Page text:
Sentry Eagle over the years

  • Published
  • By Tech. Sgt. Jefferson Thompson
  • 173rd Figther Wing Public Affairs
Col. Steve "Slick" Harper remembers the first Sentry Eagle which took place in 1986 when he was the base commander. After seeing another guard base do an open house Harper thought it would be a good idea to host one at Kingsley Field.

Simultaneously, one of his fellow instructor pilots pointed out that the Klamath Basin provided every opportunity to host a large number of fighter aircraft because there was enough space and enough people to pull it off.

Harper quotes Capt. Jesse James, one of his instructor pilots, saying, "'besides that, we're all getting stale just writing out grade sheets and we want to go fight somebody.'"

Harper agreed to allow the multi aircraft exercise with the stipulation that he be able to open the front gates to the families and the community. Among his reasons, the Air National Guard's tenure at Kingsley was very young and he felt they needed to make a name for themselves.

"We were new, just a couple years old and we wanted to build our street cred among the fighter community," said Harper. "We knew we were good but we needed to show everybody else--and we did."

He goes on to temper that just a bit saying, "We just wanted somebody to see our stuff and take it home; we weren't really showing off on purpose."

On that week in June, 37 aircraft convened for more than 80 separate sorties to practice Dissimilar Air Combat Training, or put another way to control the airspace in scenarios ranging from bomber sweeps to air interdiction and maybe even a dogfight or two. In those days Sentry Eagle drew a large variety of aircraft: F-106s, F-4s, A-7s, F-16s and F-15s, all of which refueled from a loitering KC-135 tanker. Today units still fly in from around the country but only F-16s, F-15s and the KC-135 are still a part of the line-up.  Future plans include fifth generation fighters but it remains to be seen when they will actually participate.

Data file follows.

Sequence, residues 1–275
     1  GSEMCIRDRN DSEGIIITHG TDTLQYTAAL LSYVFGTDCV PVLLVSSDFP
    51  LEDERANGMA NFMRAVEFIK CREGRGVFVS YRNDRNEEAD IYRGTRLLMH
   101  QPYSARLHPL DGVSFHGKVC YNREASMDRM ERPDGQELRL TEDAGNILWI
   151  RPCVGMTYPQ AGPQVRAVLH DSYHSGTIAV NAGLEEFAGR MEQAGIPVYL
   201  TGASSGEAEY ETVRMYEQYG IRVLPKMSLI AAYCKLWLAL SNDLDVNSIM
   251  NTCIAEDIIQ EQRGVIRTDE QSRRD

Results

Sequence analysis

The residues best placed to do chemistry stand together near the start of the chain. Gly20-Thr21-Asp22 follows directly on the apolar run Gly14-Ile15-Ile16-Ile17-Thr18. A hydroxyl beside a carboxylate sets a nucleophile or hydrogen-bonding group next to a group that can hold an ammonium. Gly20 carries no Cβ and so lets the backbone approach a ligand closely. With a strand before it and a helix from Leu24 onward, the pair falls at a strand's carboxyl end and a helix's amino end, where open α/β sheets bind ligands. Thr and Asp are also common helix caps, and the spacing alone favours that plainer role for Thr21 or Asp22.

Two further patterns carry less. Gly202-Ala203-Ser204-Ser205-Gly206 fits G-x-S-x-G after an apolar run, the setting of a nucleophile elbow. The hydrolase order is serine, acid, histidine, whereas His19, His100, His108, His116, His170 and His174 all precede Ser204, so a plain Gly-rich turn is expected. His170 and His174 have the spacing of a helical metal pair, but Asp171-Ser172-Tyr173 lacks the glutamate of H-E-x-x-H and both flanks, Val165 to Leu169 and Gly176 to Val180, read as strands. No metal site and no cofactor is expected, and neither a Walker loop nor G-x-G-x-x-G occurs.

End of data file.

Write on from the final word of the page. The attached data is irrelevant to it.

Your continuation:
In any event, the things the inaugural exercise showcased are still true today; every participant would see that the range space is large and convenient to the base, and enjoy some of the 300+ days of sunshine, also known as good flying weather, the area boasts every year.

These early years for the ANG at Kingsley catalyzed a piece of culture that endures today. Col. Billy "Rogue" Cox, a former base commander, remembers how the base earned its moniker.

"An early class in the F-4 named us the Land of No Slack," said Cox. "We were very thorough in our job, if a student had any deficiency or issue on a ride we made real sure they got a chance to do it again."

Visiting Airmen could take the name back to their home units and to this day every Kingsley pilot wears the orange "No-Slack" patch on their left arm.

Cox reflects back from those early years when Sentry Eagle was brand new to today where it is a fixture for the base and the community and says what began as an exercise has endeared itself to the local community and become a fixture.

He goes on to say that as the base's longevity increases it has added key audiences.  This includes a younger generation, some of which have joined the ranks of 173rd Fighter Wing Airmen including Cox's own son who is currently an instructor pilot at the "Land of No Slack."  He describes Sentry Eagle as "more of a family-plus-public-plus-the training the aircrews get out of it."

Initially Kingsley Field hosted Sentry Eagle every year but at some point it became an every-other-year affair. This time around it's been four years as sequestration cut funding for a 2013 Sentry Eagle.

One thing that hasn't changed was best expressed in the lead-up to the very first Sentry Eagle in the local paper June 19, 1986, "Continual training is a requirement, even if it is a lot of fun!" said Harper.